Two days ago my wife and I took the existential indigenous pilgrimage up to the Treaty grounds for the dawn service. The weather wasn’t flash but the atmosphere buzzed with a spirit of pride. I must say that I really enjoyed this year’s Waitangi Day, it had a real sense of an adolescent nation (New Zealand is quite a young country) on the edge of an awakened identity. I was really proud to see and feel the pride of Ngāpuhi on display, it made me proud to be Māori and it made me proud to be a New Zealander. Hone Harawira’s speech at the dawn service really put Prime Minister John Key’s political correctness into perspective, and it was another incarnation of Hone’s tenacious love for social justice and Māori indigenous rights. A young girl concluded the service with a passionate prayer for socio-political and economic empowerment for Māori in the far north. It was as a snippet of reality thrown into all the political jargon that outlined the ceremony’s beginning, and I hope that the politicians were actually listening, for if we as a nation cannot listen empathetically with indigenous realities on Waitangi Day, how can we paint ourselves as a treaty-honouring country throughout the rest of the year?
In light of the progressive spirit starting to churn in New Zealand’s social spirit, mainstream media still negates the status and credibility of Māori. Fairfax, TVNZ and Mediaworks continue to assert the dominant narratives that shape the kiwi psyche on Māoridom, which for the most part are all negative. By disregarding protests this year as well as focusing on financial settlements, the media have continued their allegiance to the story of neo-colonialism. Indeed, the tradition of protesting for indigenous rights, challenges the status quo assumption that the “Treaty forged ‘one people’ and that New Zealand was a special experiment in relationships between Europeans and an indigenous people” (Orange, 2011, p. 14). If I could describe New Zealand’s mainstream media in one word it would be ‘tool’–a tool that continues to carve an image of Māori as the unpleasant ‘baggage’ that comes with colonizing a country. Whether it is the image of a radical anarchist or a dole bludger (or even the ‘treaty gravy train’ imagery), New Zealand’s neo-colonial media continue to fuel neo-colonial stereotypes. Evidently the status and meaning behind indigenous culture within mainstream media isn’t affirmed positively nor is the messenger ever critiqued on a comprehensive level.
It would be great to think that as a Nation, we could honestly treat Waitangi Day as an authentic account of our indigenous history, present and future. As the on-goings of the 1840 Waitangi day drew to a close, Hobson infamously coined the phrase that would become synonymous with national ‘unity’ – ‘he iwi tahi tātou’ (we are now one people). In hindsight Hobson’s words, transparently token, cannot be paraded or defended as both the ‘good intentions’ of colonization nor an example of present day cultural ‘appreciation’. True unity will arise when the socio-historical barriers that impede biculturalism are broken down; then and only then can we meaningfully start the journey of giving multiculturalism more than the political jargon that it currently incarnates. Then and only then can we as a Nation say that we are one people – united diversely and diversely unified under the recognition of the original Treaty partnership. People forget that 1840 wasn’t that long ago, and the political ramifications of the 1840s-1880s era still reverberates socio-economic and cultural shackles upon our indigenous population. The oppressive ‘Native Land Act’ in 1862 laid the foundations for the termination of ‘communal ownership’. The individualization of land titles was the Crown’s intention in order for further settler advancement – or to paraphrase Colonel Russell, ‘mastering the country’. Some people just don’t realize that Māori can’t ‘just get over it’, that you can’t remedy nearly 200 years of colonization in one 40 year bracket. For some people, like Gareth Morgan, the treaty will cease to have any power once all treaty settlements are finalized. Personally, I hold the view that Te Tiriti o Waitangi is a living breathing covenant, and just like a marriage covenant you don’t end once you reach your 20th anniversary. For most Māori the treaty will never cease to have meaning; hopefully that same respect will become a New Zealand social norm.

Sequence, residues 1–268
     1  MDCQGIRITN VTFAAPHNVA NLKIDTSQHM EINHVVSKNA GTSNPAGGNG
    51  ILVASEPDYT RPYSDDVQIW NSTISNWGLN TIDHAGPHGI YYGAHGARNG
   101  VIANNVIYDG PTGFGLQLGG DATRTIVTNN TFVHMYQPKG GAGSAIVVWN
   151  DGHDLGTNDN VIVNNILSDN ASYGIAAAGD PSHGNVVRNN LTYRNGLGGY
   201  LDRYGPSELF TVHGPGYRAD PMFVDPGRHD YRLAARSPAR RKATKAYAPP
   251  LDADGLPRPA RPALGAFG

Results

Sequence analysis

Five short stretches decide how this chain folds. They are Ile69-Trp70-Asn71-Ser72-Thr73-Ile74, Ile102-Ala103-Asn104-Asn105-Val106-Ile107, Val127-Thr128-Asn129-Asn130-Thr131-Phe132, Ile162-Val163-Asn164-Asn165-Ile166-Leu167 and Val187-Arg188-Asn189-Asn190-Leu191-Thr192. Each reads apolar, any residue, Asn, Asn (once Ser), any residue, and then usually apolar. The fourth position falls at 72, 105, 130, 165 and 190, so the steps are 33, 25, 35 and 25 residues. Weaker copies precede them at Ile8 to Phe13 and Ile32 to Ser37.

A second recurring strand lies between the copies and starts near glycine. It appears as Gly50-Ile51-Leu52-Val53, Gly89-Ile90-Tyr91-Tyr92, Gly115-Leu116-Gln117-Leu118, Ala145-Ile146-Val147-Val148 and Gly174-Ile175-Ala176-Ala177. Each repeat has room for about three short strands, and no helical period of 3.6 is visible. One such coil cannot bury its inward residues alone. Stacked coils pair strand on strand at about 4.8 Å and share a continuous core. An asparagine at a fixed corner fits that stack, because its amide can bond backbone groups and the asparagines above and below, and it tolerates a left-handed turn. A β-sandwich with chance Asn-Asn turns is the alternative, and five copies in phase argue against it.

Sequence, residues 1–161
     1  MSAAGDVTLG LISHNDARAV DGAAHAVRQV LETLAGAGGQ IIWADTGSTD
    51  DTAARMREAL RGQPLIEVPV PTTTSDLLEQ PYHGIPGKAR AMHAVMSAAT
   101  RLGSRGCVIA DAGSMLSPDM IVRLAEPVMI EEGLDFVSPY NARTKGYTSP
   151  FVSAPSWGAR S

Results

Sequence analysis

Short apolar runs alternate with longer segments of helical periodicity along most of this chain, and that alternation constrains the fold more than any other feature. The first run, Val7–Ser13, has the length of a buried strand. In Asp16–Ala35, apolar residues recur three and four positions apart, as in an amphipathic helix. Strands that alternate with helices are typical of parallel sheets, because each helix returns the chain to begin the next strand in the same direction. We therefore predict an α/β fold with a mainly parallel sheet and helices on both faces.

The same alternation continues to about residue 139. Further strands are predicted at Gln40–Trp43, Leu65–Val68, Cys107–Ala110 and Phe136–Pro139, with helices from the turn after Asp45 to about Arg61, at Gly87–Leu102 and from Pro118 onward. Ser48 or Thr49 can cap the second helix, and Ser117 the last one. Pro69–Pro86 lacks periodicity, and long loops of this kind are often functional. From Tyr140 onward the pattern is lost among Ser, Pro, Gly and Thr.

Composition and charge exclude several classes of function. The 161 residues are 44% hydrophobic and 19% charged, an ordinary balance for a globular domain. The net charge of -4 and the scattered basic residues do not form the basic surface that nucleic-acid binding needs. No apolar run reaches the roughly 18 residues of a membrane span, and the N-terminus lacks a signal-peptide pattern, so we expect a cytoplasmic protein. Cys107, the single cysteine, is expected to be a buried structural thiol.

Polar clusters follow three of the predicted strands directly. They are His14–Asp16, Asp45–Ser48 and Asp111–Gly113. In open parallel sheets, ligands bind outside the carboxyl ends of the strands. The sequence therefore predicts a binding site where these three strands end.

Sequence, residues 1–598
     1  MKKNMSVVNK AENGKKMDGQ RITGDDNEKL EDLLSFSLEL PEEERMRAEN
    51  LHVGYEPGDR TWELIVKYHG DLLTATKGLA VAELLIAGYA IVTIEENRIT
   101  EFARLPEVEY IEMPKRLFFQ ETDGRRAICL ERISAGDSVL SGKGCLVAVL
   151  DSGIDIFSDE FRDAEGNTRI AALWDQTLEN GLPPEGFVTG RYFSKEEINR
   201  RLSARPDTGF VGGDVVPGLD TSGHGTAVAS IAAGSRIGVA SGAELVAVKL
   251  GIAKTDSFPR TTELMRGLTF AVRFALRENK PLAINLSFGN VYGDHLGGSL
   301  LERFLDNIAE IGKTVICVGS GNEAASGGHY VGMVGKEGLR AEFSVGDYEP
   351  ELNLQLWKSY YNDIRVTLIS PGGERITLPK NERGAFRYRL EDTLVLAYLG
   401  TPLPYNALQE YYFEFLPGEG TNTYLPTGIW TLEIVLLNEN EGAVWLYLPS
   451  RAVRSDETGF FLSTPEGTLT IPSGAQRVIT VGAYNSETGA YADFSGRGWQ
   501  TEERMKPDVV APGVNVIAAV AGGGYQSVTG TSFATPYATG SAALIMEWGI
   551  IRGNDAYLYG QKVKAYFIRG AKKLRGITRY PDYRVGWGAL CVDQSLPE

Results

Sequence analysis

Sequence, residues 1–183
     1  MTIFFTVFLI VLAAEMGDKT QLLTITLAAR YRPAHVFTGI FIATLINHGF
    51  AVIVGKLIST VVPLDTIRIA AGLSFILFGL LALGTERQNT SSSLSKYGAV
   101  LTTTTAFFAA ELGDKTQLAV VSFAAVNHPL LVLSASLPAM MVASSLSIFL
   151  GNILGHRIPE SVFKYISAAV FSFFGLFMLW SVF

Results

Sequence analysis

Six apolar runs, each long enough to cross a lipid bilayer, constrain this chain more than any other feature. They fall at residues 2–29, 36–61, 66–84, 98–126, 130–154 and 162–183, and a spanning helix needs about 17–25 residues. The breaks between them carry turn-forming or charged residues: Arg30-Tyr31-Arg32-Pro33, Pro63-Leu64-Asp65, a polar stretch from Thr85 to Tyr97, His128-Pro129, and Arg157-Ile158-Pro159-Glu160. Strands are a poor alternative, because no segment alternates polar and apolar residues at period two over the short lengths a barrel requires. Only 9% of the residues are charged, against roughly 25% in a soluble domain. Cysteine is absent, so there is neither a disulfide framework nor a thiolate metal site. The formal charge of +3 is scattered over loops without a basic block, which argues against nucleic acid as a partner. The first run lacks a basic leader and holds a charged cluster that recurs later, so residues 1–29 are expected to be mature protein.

Hate it or love it, Te Tiriti o Waitangi is New Zealand’s founding document, and it will never stop holding importance. What was meant to be a three-day Hui ended up being a rushed consultancy on Feb 5th 1840 (blamed on ‘food shortage’), in which the following day the 500-or-so gathered ‘chiefs’ were beckoned to sign on the encouraged assumption that it was in their best interests. Vested with confusion and conflict, the Treaty is just as controversial now as it was in the 19th century. Indeed, every year on the 6th February kiwis celebrate, protest or just get drunk on a day that will always define New Zealand historically as well as politically. We are a young country, still going through the adolescent steps of ‘finding our identity’ as a Nation. Teaching a progressive account of New Zealand history as well as the philosophical paradigm of ‘worldviews’ in schools, would benefit our country’s already budding progression towards perspectives other than mainstream Western culture. Over the past 174 years, Māori have just wanted to be Maori, which is how I see Tino Rangatiratanga being honoured through Te Tiriti–the right of self-determination. The Kawanatanga needs to understand that the ‘challenge’ will remain until genuine ‘co-operation’ is honoured. For most Māori, Te Tiriti will never disappear nor will its imbedded significance for New Zealand’s future.
Orange, C. (2011). The Treaty of Waitangi. Wellington: Bridget Williams Books.
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